“The Truth About Temptation”

Temptation is not sin; however, it is the decision to do right or wrong and the action that follows. If it’s not dealt with, it will breed sin. Jesus was tempted in all manners just like we are, but without sin, so to be tempted must have a purpose. So what is this purpose?

To answer this question, we must look closely at the origin of temptation. James tells us emphatically the when, where, why and how it occurs. In chapter 1:12-16 James Amplified says, “Blessed (happy, to be envied) is the man who is patient under trial and stands up under temptation, for when he has stood the test and been approved, he will receive [the victor’s] crown of life which God has promised to those who love Him. Let no one say when he is tempted, I am tempted from God; for God is incapable of being tempted by [what is] evil and He Himself tempts no one. But every person is tempted when he is drawn away, enticed and baited by his own evil desire (lust, passions). Then the evil desire, when it has conceived, gives birth to sin, and sin, when it is fully matured, brings forth death. Do not be misled, my beloved brethren.”

To fully understand the purpose of temptation, we must admit that it does not come from God; it comes from Satan and is embraced by us. Temptation is birthed out of our own lusts and desires to go against God’s will. In the Garden of Eden, Eve displayed the lust of the eyes, the lust of the flesh and the pride of life. In the wilderness, Satan tempted Jesus with the same three things. He hasn’t changed his mode of operation.

Satan can only tempt us with something that we desire. I hate beets, they taste like dirt—I wouldn’t eat a beet for a hundred dollars (well maybe.) Nonetheless, Satan cannot tempt me with beets and will never even try. J.D. Quinn doesn’t eat turnip greens (I love them), therefore JD will never be tempted with turnip greens. He won’t even taste Mollie Sue’s turnip greens and they’re great. Maybe they taste like beets to him.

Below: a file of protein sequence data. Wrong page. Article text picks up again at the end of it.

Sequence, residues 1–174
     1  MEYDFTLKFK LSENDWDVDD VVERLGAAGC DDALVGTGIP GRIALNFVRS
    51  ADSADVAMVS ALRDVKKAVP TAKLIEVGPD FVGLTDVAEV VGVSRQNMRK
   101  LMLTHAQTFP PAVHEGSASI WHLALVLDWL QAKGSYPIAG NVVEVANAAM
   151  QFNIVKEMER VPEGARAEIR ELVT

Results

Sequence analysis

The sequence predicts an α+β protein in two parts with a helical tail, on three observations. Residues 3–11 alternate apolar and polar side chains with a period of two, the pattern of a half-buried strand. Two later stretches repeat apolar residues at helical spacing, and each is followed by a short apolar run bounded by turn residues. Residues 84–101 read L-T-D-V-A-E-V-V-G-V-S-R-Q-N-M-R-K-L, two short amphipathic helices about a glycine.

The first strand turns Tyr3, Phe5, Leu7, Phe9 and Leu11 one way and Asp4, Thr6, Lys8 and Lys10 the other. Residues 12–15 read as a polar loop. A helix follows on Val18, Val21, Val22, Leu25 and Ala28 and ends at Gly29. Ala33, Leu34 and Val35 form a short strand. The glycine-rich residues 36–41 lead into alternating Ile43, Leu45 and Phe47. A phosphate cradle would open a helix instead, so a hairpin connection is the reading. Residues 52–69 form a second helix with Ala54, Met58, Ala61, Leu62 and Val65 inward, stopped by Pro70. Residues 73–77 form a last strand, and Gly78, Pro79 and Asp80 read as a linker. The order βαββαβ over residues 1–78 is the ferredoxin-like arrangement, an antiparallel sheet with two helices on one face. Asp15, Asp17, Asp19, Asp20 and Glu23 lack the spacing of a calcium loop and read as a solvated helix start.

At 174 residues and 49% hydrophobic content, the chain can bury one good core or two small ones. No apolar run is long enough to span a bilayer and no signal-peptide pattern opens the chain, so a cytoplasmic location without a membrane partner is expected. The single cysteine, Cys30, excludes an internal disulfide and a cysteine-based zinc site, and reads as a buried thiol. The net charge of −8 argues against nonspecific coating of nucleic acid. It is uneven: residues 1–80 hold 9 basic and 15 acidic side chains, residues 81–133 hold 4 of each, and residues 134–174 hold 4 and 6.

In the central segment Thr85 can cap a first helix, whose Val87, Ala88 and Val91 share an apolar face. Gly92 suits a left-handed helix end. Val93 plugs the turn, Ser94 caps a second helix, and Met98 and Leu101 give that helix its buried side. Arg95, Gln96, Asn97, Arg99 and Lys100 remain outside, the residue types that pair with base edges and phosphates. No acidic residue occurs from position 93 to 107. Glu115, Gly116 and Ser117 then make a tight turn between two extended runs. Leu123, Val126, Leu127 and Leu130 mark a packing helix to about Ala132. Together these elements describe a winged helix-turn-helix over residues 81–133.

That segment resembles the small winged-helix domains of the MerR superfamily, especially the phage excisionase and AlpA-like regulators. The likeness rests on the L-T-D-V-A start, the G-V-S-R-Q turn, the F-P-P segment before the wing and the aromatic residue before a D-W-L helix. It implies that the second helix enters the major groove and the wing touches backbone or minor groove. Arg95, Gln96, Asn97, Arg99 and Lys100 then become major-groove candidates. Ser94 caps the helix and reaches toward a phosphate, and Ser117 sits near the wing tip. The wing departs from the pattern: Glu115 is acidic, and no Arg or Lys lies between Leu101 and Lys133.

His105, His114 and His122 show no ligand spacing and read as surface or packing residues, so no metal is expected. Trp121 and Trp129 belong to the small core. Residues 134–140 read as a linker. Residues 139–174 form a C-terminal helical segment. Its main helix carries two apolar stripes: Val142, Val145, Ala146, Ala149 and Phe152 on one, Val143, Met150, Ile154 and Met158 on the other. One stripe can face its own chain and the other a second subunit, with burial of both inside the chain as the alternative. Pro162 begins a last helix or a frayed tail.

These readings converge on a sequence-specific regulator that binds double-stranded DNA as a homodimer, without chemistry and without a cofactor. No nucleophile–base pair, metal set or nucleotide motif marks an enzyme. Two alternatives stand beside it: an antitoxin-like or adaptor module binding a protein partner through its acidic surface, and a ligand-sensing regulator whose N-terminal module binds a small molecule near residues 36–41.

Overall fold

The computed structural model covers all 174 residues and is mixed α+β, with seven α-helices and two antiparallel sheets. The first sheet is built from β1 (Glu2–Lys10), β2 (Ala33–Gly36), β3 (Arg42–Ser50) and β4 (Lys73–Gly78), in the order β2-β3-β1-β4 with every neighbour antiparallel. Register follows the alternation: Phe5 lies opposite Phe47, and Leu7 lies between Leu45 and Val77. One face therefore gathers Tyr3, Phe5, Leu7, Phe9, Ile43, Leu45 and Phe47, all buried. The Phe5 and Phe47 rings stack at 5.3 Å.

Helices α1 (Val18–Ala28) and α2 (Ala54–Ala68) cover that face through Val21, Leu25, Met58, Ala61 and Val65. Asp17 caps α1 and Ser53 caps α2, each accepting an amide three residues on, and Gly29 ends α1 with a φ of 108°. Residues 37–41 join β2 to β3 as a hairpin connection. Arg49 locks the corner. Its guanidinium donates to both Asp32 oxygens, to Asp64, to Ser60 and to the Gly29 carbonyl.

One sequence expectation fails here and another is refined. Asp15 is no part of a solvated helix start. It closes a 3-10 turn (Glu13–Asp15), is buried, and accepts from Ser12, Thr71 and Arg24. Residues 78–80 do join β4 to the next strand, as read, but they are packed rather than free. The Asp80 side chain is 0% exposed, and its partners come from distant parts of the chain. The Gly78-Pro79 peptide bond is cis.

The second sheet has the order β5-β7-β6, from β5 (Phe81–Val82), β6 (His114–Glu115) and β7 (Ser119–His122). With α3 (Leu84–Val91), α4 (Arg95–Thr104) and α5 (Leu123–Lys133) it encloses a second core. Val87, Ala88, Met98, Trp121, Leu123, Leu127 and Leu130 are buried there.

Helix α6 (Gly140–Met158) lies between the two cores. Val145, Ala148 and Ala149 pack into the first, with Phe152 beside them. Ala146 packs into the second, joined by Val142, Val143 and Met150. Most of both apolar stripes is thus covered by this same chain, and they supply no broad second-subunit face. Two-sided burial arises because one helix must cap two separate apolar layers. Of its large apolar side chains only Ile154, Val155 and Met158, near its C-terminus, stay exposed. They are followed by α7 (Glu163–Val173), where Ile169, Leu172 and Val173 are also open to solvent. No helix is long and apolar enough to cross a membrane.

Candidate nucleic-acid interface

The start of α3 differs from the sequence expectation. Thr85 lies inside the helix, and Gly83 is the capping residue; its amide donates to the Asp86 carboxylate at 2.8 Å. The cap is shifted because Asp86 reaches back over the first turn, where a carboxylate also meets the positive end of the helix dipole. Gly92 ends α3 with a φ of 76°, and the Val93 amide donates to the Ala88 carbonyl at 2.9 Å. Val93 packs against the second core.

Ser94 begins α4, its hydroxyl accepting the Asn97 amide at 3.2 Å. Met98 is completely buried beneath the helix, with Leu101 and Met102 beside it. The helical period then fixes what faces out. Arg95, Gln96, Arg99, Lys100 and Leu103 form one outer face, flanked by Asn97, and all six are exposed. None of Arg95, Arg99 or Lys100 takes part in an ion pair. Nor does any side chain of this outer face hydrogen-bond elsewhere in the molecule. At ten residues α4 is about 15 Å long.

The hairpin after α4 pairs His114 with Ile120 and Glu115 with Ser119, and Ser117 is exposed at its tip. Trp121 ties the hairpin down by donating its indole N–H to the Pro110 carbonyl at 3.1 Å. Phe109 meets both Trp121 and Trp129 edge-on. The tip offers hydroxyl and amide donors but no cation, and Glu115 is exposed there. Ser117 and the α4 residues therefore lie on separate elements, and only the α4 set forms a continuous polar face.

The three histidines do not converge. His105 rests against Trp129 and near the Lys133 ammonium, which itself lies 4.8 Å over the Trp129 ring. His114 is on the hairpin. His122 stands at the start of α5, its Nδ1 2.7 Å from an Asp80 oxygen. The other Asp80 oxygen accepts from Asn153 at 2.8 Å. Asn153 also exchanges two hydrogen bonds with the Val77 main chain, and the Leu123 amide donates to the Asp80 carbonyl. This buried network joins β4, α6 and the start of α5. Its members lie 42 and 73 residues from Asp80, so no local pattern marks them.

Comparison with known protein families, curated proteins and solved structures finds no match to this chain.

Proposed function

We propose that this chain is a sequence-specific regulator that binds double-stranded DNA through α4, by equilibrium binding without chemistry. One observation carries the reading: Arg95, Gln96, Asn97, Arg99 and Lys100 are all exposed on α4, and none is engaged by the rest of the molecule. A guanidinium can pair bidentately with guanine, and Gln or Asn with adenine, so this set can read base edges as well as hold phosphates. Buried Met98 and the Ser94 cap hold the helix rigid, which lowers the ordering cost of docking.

So what is the purpose of temptation? It is to build our character, so the Lord may rejoice because we overcame that temptation. If we are to overcome temptation we must discern it correctly–then we must examine ourselves for cracks in our character. It is these cracks that allows Satan to see our weaknesses. Whenever we are tempted, we should rejoice in the Lord and ask Him to help us overcome this temptation. I have overheard people pray for God to remove the temptation; however, that will never happen. A pastor friend of mine fell into sin because he prayed for God to remove the temptations—he prayed wrong. He should have said, “Thank you Father, for revealing this flaw in my character, now that I recognize it and admit it, I ask You to please help me overcome this temptation before it becomes sin.”

Are you fighting temptations? Then you have cracks in your character and Satan will pry them open causing them to become sin. Don’t let him do it—ask our loving Father for strength.

“Let us have more confidence in our Redeemer. Turn not from the waters of Lebanon to seek refreshment at broken cisterns, which can hold no water. Have faith in God. Trustful dependence on Jesus makes victory not only possible but certain. Though multitudes are pressing on in the wrong way, though the outlook be ever so discouraging, yet we may have full assurance in our Leader; for “I am God,” He declares, “and there is none else” (Isa. 45:22). He is infinite in power, and able to save all who come to Him. There is no other in whom we can safely trust.” (In Heavenly Places, page 17)

  Pastor Hal Steenson


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